The EU would continue to underline their expectations “that US sanctions should not be imposed in a manner that prevents European economic operators from undertaking their legitimate business with Iran in line with commitment under the nuclear deal,” the spokesperson said.

The EU is working to provide non-dollar-denominated financial lines to Iran’s central bank for payments for oil and to update a 1990s law which sought to shield European companies from previous US sanctions.

However, major European corporations, including the French oil giant Total, have already pulled out of proposed agreements, fearing the impact of US sanctions. They not only risk being denied access to US markets but also face the prospect of losing their ability to finance deals with third parties because of the dominant role of the US dollar in the global financial system.

The US withdrawal from the JCPOA and its threat to impose sanctions on those who still adhere to it have been undertaken despite the fact all the other signatories, as well as the chief international nuclear inspection agency, have declared that Iran has been in full compliance with the agreement.

For the US, the issue of Iran’s nuclear capability has always been about the pursuit of a wider agenda—the removal of Iran as a regional power in the Middle East in order to facilitate unfettered US domination. On May 12, the US set a series of demands including that Iran cease involvement in the Yemen, Syria and Iraq.

The letter from Pompeo and Mnuchin said the US would continue to maintain sanctions until it saw a “tangible, demonstrable and sustained shift in the policies we have enumerated.”

This is, in effect, a demand that Iran abandons any independent foreign policy and aligns itself completely with the dictates of the US in the region. The inherent logic in such a demand is war against Tehran, coupled with regime-change operations.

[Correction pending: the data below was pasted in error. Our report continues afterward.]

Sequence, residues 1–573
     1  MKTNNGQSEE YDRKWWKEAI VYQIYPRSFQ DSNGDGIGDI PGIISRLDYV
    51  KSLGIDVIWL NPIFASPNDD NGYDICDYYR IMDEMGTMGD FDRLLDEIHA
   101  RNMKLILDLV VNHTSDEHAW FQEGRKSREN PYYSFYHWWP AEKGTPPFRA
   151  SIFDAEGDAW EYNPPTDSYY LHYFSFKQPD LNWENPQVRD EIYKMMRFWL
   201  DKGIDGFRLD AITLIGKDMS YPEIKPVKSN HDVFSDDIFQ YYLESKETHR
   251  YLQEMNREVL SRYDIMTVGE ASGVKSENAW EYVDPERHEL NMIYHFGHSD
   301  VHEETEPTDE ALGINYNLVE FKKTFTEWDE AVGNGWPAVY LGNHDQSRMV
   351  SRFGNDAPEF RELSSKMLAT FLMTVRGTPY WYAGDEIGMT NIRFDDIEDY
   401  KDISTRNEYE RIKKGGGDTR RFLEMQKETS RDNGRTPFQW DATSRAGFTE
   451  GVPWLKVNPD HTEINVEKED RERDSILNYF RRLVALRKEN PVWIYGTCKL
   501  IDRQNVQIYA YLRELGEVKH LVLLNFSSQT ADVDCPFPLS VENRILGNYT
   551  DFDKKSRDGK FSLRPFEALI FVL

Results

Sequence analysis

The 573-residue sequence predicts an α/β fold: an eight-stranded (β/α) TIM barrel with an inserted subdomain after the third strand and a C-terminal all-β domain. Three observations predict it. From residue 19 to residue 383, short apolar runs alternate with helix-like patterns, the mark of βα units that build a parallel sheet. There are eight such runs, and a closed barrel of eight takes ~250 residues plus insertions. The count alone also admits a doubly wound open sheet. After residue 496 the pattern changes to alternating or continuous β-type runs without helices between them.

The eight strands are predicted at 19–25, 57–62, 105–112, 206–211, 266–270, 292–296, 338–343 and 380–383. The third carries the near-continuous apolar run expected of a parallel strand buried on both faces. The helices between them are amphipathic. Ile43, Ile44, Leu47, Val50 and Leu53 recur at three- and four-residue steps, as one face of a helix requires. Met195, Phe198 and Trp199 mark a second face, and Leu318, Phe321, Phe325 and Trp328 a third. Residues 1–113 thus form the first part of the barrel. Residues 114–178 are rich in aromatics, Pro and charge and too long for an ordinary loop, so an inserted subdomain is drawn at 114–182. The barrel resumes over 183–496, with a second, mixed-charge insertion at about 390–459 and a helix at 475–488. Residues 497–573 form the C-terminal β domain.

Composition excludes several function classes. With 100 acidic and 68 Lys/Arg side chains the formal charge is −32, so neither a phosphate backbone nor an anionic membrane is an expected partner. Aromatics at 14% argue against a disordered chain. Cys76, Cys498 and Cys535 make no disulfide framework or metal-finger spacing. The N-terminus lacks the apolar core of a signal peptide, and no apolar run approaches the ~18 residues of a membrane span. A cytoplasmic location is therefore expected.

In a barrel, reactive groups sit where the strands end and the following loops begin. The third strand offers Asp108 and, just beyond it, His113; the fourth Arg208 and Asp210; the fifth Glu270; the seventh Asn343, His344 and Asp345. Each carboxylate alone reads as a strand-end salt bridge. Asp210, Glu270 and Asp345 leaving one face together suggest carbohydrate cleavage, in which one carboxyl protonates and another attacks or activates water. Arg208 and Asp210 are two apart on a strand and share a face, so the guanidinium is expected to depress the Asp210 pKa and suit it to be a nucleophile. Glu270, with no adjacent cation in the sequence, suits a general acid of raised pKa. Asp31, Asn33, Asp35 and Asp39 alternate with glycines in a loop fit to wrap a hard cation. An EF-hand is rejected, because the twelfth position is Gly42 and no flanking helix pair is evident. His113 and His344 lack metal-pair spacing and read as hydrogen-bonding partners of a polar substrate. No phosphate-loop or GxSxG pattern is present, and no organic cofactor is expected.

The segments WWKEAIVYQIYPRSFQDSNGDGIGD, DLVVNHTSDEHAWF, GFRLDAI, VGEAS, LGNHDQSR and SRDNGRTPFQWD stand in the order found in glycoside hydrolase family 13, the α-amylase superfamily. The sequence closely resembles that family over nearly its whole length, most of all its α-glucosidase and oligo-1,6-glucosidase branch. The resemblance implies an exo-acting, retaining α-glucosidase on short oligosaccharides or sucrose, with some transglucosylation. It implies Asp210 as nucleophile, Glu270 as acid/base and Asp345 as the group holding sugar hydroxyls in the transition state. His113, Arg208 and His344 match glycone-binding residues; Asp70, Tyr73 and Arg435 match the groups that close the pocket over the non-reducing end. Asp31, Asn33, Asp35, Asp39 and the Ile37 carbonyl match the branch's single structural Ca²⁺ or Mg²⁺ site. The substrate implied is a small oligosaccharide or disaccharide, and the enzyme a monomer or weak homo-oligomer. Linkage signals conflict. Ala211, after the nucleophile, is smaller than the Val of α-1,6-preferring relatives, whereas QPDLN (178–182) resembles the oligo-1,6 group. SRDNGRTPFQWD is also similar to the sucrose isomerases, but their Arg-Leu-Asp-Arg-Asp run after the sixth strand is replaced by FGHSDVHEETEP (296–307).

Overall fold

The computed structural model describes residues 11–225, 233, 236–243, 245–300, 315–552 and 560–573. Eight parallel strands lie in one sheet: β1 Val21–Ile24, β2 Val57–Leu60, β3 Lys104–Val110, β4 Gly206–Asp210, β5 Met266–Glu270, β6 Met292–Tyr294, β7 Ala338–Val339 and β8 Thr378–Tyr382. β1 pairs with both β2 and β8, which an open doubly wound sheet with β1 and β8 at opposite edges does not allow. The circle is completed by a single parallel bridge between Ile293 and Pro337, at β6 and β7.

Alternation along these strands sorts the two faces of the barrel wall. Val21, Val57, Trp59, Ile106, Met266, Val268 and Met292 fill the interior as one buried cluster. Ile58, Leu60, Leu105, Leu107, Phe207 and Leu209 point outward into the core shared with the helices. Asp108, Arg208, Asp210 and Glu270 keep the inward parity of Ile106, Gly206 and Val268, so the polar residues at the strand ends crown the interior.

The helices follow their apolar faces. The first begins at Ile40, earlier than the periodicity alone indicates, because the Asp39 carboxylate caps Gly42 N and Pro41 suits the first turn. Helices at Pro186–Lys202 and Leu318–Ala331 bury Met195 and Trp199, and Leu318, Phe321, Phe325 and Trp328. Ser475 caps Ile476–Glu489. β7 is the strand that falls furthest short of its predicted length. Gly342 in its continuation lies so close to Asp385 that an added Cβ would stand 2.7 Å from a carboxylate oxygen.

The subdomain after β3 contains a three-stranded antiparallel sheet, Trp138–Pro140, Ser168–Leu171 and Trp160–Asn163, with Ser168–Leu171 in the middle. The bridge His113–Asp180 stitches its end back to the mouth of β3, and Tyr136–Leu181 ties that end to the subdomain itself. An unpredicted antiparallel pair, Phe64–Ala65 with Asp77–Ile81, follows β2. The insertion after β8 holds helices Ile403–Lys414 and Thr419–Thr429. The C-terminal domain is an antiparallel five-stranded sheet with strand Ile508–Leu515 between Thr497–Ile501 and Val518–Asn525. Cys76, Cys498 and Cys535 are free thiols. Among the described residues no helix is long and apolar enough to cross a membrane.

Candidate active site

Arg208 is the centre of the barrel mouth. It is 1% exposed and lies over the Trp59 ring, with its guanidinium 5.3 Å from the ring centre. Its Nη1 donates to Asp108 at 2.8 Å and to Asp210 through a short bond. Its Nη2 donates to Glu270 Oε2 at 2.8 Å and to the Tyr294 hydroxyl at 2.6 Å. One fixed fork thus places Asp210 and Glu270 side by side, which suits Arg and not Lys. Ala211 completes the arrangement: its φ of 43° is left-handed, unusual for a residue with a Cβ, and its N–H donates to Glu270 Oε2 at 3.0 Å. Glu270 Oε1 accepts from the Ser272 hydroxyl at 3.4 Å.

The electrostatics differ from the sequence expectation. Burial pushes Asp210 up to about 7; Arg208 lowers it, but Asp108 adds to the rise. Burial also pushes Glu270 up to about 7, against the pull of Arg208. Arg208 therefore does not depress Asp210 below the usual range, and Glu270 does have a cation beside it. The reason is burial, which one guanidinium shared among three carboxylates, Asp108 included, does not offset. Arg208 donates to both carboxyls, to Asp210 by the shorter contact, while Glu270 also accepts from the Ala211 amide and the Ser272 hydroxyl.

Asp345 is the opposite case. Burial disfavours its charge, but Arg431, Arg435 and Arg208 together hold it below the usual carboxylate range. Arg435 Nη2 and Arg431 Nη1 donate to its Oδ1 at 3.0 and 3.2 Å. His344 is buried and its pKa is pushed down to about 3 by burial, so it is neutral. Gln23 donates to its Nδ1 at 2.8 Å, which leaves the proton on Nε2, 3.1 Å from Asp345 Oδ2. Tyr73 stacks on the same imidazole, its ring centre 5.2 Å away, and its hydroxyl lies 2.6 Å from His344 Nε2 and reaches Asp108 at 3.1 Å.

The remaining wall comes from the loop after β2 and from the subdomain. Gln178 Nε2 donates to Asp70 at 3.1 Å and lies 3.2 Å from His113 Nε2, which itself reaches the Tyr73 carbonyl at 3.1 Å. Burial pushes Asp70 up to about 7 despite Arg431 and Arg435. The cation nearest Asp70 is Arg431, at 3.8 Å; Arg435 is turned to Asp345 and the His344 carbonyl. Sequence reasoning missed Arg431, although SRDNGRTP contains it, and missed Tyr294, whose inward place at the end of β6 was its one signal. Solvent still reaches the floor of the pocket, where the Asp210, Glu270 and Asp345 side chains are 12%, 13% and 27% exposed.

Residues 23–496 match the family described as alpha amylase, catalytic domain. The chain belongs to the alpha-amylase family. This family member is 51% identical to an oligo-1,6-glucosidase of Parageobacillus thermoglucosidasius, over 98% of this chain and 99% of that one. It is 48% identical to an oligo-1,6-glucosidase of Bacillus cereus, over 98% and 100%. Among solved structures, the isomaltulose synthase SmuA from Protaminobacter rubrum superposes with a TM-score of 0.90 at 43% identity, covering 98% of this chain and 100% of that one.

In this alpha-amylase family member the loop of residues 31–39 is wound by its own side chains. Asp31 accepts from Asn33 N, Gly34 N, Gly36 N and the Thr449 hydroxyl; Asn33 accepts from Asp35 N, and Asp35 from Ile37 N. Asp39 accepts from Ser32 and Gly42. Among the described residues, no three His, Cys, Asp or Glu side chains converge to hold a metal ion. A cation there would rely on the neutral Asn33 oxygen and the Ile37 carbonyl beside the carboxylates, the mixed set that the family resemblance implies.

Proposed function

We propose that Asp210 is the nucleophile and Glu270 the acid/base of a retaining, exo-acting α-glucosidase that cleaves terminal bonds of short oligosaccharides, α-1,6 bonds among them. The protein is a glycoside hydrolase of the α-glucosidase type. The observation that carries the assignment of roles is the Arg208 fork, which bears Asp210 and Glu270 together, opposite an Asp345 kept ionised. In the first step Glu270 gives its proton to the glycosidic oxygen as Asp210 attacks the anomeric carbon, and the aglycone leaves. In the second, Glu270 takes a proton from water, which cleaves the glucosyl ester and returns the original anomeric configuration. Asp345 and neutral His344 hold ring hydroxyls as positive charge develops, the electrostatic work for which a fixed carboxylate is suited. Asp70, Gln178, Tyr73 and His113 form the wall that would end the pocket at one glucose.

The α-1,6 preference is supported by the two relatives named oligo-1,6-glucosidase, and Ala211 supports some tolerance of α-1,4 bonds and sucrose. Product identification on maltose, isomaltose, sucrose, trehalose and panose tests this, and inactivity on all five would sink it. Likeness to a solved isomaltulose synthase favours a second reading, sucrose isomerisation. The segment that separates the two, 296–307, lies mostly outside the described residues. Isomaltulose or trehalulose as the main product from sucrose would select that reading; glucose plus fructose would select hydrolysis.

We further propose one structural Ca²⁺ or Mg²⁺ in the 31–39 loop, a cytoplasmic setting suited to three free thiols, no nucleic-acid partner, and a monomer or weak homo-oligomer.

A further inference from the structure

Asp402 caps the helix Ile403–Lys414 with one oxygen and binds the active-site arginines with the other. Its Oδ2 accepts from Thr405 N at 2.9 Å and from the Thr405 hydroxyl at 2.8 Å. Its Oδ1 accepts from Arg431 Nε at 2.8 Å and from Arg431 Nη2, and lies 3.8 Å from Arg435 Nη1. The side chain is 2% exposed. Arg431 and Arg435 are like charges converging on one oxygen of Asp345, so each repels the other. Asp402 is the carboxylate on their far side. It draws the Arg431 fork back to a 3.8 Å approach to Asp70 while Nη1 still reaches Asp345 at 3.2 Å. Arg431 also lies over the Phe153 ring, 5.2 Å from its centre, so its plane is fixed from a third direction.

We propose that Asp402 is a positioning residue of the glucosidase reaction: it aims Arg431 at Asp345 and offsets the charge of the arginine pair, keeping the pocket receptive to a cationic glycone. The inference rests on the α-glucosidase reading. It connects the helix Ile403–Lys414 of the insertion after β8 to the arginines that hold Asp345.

The threat of war was the subject of a comment published in the Atlantic by Democratic Senator Tim Kaine, who ran as Hillary Clinton’s vice-presidential candidate in the 2016 elections. The nuclear deal with Iran was one of the key foreign policy initiatives of the Obama administration.

Describing the decision of the US to wage war against Iraq—a decision that was fully backed by Clinton—as one of the “worst mistakes” ever made by the US, he wrote: “I fear the United States is on the verge of blundering into another unnecessary war with Iraq’s next-door neighbour Iran.” The same warning signs, he said, are “on the horizon.”

Indeed, the same personnel are involved. John Bolton, one of the chief promoters of the war against Iraq and a strident advocate of regime-change in Tehran, is now the National Security Adviser in the Trump administration.

Kaine also cited a report by the web site Axios that Israel and the US had formed a working party a few months ago to focus on efforts within Iran to encourage protests and apply pressure on the government. The Axios report said the work of the joint team had been discussed at a meeting between Bolton and his Israeli counterpart several weeks ago.

Pompeo will deliver a major address next Sunday entitled “Supporting Iranian Voices” after issuing a series of tweets supporting protests against the Tehran government and declaring that “the world hears their voice.”